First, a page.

Garlic Latest News
Garlic Latest News: For a small vegetable, garlic (Allium sativum) sure has a big, and well deserved, reputation. And although garlic may not always bring good luck, protect against evil, or ward off vampires, characteristics to which it has been assigned in folklore, it is guaranteed to transform any meal into a bold, aromatic, and healthy culinary experience. Garlic is a member of the Lily family and is a cousin to onions, leeks and chives.
What’s New and Beneficial About Garlic
- You can increase the health benefits you receive from garlic by letting it sit after you’ve chopped it or crushed it. If you give your chopped/crushed garlic time to sit before changing its temperature (through cooking) or its pH (through the addition of an acidic food like lemon juice), it will give the alliinase enzymes in garlic an opportunity to work on behalf of your health. For example, in the absence of chopping or crushing, research has shown that just 60 seconds of immediate microwaving will cause garlic to lose some of its cancer-protective properties. Immediate boiling of whole, intact garlic will also lower these properties, as will immediate addition of a very low-acid ingredient like lemon juice.
- Some of garlic’s unique components are most durable in food (versus processed extract) form. Allicin-one of garlic’s most highly valued sulfur compounds-stays intact for only 2-16 hours at room temperature when it is present in purified (extracted) form. But when it’s still inside of crushed garlic, allicin will stay viable for 2-1/2 days.
- Garlic may help improve your iron metabolism. That’s because the diallyl sulfides in garlic can help increase production of a protein called ferroportin. (Ferroportin is a protein that runs across the cell membrane, and it forms a passageway that allows stored iron to leave the cells and become available where it is needed.)
- In addition to being a good source of selenium, garlic may be a more reliable source as well. Garlic is what scientists call a “seleniferous” plant: it can uptake selenium from the soil even when soil concentrations do not favor this uptake.
- The cardioprotective benefits of garlic may partly rest on the production of hydrogen sulfide (H2S) gas. Our red blood cells can take sulfur-containing molecules in garlic (called polysulfides) and use them to produce H2S. This H2S in turn can help our blood vessels expand and keep our blood pressure in check. Interestingly, some processed garlic extracts cannot be used by our red blood cells in the same way and do not seem to provide the same level of cardioprotection that is provided by garlic in food form.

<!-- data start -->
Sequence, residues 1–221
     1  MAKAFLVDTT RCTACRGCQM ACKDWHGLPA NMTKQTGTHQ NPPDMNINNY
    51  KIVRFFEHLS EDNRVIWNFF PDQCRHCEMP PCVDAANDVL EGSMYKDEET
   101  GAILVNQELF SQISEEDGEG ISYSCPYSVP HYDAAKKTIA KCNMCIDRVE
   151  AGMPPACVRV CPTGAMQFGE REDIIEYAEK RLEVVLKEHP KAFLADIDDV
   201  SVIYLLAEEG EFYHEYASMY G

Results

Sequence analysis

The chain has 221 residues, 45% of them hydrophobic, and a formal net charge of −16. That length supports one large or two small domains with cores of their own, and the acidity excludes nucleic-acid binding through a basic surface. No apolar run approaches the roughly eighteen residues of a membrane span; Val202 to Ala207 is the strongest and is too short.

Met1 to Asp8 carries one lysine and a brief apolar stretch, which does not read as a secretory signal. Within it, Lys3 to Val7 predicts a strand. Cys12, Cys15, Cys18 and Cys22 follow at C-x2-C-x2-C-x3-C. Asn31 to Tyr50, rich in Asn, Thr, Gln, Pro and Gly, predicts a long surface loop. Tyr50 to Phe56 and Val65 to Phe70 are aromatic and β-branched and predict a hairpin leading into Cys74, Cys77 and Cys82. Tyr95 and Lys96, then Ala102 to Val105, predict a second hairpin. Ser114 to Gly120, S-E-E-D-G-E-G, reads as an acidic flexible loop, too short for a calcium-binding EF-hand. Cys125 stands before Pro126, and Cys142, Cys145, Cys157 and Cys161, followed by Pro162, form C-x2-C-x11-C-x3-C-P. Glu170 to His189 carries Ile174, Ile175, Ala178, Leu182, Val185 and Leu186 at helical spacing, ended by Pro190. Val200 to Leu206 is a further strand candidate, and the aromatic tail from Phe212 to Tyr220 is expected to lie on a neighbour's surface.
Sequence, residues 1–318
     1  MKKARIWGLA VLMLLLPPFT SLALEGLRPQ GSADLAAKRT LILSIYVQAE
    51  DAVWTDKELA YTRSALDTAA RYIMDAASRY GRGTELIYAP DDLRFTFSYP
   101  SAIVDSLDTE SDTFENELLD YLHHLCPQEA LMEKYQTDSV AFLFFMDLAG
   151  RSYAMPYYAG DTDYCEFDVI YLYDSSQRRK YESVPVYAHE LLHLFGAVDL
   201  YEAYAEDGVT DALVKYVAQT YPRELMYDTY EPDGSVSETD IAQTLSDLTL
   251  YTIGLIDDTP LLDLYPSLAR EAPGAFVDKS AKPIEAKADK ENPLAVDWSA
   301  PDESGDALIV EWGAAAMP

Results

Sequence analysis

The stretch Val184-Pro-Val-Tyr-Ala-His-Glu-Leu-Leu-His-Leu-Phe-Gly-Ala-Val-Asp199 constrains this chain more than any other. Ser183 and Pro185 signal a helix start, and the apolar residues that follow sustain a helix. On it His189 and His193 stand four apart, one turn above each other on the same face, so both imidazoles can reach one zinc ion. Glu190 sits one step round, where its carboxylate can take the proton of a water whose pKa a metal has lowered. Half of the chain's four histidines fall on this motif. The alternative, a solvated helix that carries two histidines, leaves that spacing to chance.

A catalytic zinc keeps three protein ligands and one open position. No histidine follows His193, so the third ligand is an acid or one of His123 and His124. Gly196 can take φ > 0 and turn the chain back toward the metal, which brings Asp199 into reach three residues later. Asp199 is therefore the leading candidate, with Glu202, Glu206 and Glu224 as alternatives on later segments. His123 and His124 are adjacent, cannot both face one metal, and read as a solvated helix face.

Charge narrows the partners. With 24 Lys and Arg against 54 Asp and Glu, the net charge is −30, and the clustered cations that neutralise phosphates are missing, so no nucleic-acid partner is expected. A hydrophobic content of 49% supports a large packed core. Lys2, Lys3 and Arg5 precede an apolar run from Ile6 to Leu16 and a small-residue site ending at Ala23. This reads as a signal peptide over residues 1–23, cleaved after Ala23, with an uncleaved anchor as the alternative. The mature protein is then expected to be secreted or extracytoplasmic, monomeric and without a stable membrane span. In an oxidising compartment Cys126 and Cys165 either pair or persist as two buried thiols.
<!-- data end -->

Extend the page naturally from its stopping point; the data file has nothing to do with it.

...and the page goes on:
- While still in its very early stages, research suggests that garlic consumption may actually help to regulate the number of fat cells that get formed in our body. 1,2-DT (1,2-vinyldithiin) is one of the unique sulfur compounds in garlic that has long been recognized as having anti-inflammatory properties. But only recently have researchers discovered that some of our fibroblastic cells (called “preadipocytes”) only evolve into full-fledged fat cells (called “adipocytes”) under certain metabolic circumstances involving inflammatory system activity. 1,2-DT may be able to inhibit this conversion process. Since obesity is increasingly viewed by researchers as a chronic state of low-grade inflammation, the inflammation-related benefits of garlic’s 1,2-DT may eventually be extended into the clinical area of obesity.
With their unique combination of flavonoids and sulfur-containing nutrients, allium vegetables-such as garlic-belong in your diet on a regular basis. There’s research evidence for including at least one serving of an allium vegetable-such as garlic-in your meal plan every day. If you’re choosing garlic as your allium family vegetable, try to include at least ½ clove in your individual food portion – at least 1-2 cloves in a dish.
Garlic provides numerous health benefits including:
- Heart health support
- Anti-inflammatory properties
- Antibacterial and antiviral benefits
- Anti-cancer support
- Supports iron metabolism
Health-e-Solutions comment: Garlic is a wonderful seasoning to add aroma, taste, and added nutrition to your dishes. We often use raw chopped or pressed garlic in many of our dishes to take advantage of the benefits derived from garlic. However, if you cannot tolerate raw garlic, you can add chopped garlic to foods while they are cooking. It is best to add it towards the end of the cooking process to retain the maximum amount of flavor and nutrition.
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